This isn't 3rd grade where there is no such thing as a bad goal, there is. "Being Happy" is a horrible goal. The idea of happiness isn't, but as a goal it is. How do you define "being happy?" When you have achieved that state, do you have to stay there? Or, it is a "more often than not" kind of thing? And, if so, how will you know for sure that you have achieved it? Will you write down the number of minutes each day you were able to keep yourself in that state of happiness?
In my post yesterday, I talked a little bit about the high level story lines that I've started to pull out from the unfiltered ramblings that I jot down when planning for the year ahead. But, I realized after getting some feedback (from you the reader, thanks!), that I left out how I determine if something will in fact make it from the hair brained idea phase to the committed and inked phase of the year.
I've had the chance to be a part of a lot of "goal setting" meetings, both professionally and personally with mastermind style roundtables. It is always amazing what you can learn about a person by the goals they share and the approach that they take to prioritizing what they think are the have-tos for the next year. But, in those meetings and roundtables, I've also hear a ton of really bad goals, like the previously mentioned "being happy."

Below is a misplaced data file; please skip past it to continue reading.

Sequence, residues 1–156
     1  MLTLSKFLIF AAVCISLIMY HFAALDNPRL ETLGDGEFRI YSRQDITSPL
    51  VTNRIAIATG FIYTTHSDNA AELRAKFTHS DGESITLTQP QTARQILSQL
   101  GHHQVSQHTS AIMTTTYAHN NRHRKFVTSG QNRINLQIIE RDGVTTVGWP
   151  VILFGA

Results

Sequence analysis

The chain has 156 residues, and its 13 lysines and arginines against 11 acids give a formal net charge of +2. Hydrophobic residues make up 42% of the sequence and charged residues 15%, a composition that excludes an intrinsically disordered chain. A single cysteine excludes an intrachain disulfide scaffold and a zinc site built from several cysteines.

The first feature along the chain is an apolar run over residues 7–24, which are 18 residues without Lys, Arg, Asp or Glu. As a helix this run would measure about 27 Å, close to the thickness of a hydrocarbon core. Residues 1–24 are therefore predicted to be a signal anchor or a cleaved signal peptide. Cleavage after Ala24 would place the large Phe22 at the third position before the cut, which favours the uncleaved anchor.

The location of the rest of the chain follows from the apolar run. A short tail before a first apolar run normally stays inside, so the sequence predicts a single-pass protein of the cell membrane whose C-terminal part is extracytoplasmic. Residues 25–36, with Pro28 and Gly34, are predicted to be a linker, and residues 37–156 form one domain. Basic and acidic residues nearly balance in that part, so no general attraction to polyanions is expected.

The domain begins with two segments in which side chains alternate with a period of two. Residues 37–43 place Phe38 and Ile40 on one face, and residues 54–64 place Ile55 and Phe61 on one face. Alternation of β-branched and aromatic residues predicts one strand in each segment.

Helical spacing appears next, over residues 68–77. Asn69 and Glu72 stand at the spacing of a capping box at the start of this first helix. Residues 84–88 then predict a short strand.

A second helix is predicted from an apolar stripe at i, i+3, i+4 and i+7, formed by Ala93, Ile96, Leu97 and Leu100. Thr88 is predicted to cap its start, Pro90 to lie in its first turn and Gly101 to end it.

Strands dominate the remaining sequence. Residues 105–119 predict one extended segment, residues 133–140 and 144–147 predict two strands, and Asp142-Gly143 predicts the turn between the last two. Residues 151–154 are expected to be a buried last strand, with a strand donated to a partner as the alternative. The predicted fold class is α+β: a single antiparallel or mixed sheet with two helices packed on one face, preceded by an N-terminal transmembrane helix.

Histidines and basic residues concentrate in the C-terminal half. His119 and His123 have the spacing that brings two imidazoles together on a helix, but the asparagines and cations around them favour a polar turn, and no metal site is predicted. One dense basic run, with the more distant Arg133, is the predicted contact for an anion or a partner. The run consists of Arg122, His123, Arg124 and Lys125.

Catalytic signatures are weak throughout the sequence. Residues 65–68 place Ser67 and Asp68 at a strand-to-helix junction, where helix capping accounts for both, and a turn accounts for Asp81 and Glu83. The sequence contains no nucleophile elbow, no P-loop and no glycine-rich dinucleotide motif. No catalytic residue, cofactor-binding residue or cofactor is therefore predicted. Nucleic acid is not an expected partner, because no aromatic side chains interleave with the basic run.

For me, in order for a goal to be counted as a legit commitment, it must pass the SAM test.
Significant: It has to be something that you don't know exactly how it is going to happen and it is going to take your very best to continue to pull the pieces into place so that it can occur.
Attainable: In the time frame of the goal being set, in this case 2012, it has to be something that can be achieved. If not, you will end up failing and knowing that you are going to fail is never a good place to start.
Measurable: If you can't precisely define when you have arrived and what steps and progress you are making along the way, how will you know your are getting closer? You must be able to tick of units of success as you go.
By having these checks and balances in place, I've been able to take big lofty ideas like "Being Happy" and boil them down to specific goals that aim towards the bigger idea AND pass the SAM test.
I had the chance to spend some time with Jeff Swartz, the former CEO of Timberland. In talking about goals he put it another way: "It has to be big enough to matter, but small enough to achieve."